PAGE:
The first month Mocha gained weight excruciatingly slowly, though after one month the vet said his improvements rendered him unrecognizable in the best way, he actually asked me which horse this was when I led Mocha out. I has so many people asking me how Mocha was, often followed with “When will you get to ride again?” I know everyone had the best intentions with that question, but my answer was always “When Mocha lets me know he’s ready.” I spent the first two months with Mocha just sitting in the pasture with him as he ate, or grooming him, learning quickly he was not ready to be asked for more than taking steps to health. This gave me a lot of time to observe him, and to notice that the relationship we were building was much deeper than it ever had been in the past. We spent a lot of time doing nothing together, much like horses in a herd together do, just holding space together. There is a relationship with a horse one can have that is completely inexplicable until you’ve been forced to spend months looking at each other eye to eye, seeing the world together from the same level, learning how and when to ask and when to just let your own will be.
Rebuilding trust and a relationship with neglected and abused horse has asked for more patience, quiet observation, sensitivity, and intuition than any other experience in my life, and continues to ask me to go deeper as I ask more of Mocha. After a couple rounds of bodywork and an appointment with a chiropractor, professional insight was given on how to help Mocha feel comfortable in his body again, after all, losing that much weight causes the entire skeleton to drop, and he has to learn how to carry his body again with weight on it. He needs to be comfortable enough to be able to pay attention to his body before he can pay attention to me, and we can begin to learn to dance together again (which is the foundation of riding: the exchange of energy and will). This works in much in the same way that if you are in a lot of pain, no amount of massage will be beneficial because you will not be able to relax enough for the process to be effective. Learning how to ask Mocha to pay attention, and sync up with me without any use of force, just my own energy and gentle touch, forces me to slow down in a way I never have been asked to before.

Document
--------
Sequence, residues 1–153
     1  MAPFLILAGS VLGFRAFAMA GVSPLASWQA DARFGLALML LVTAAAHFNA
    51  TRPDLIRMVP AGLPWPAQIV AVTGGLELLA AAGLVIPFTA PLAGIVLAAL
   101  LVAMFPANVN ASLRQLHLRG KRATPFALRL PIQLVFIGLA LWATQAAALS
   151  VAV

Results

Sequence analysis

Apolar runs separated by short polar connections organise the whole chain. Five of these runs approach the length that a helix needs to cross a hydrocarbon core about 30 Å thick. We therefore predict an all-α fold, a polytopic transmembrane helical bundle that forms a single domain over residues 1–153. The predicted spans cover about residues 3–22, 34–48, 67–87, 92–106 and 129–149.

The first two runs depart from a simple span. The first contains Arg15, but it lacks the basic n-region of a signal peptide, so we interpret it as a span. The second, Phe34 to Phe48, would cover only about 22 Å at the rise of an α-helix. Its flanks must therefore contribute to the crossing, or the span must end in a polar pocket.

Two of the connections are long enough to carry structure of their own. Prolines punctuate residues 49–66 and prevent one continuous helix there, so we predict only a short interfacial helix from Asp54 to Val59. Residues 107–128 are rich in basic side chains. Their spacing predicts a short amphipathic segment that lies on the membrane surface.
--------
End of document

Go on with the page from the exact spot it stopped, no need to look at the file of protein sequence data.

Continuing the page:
The vet told me Mocha is a fighter, which is why he has survived so long, and now it is my job to help him learn to let the stormy seas of his soul calm. Any time someone attempts to tell Mocha what to do he responds with demonstrating how strong his own will is. This behavior may be seen by many as a negative trait, but I know what he’s been through, and I’m proud of him for being so strong. So Mocha and I are learning to play together again. He is praised for the smallest amounts of attention and collaboration with my requests, and is quickly gaining confidence and an eager spirit to engage with a human again. I look back at the photos of him from three months ago, and am humbled at how fragile he was. Today, as I write this, I am sitting in his pasture, watching him run around, eat, and roll, and I am just as deeply humbled at the majesty of this creature. I am humbled and grateful that I have to opportunity to be the person who gets to excavate her own soul to find that quiet place that can connect with a horse, and build a relationship on that ground. Thank you, each and every one of you.
Location: The Moorea Seal store. 2523 3rd Ave. Seattle WA, 98121
You will have the opportunity to play with layering different notes and scents to decide what essential oils blend best for you. Students will also learn the other elements to creating perfume beyond the essential oils themselves. Beyond perfume making, students will also learn how to integrate essential oils into other uses for home and health.
What You Will Take Away:
A 10mm vial of your custom essential oil perfume.
What to Bring:
Yourself! With an excitement to learn a new skill and make a few new friends :) All supplies, plus a glass of champagne and/or wine, will be provided for you.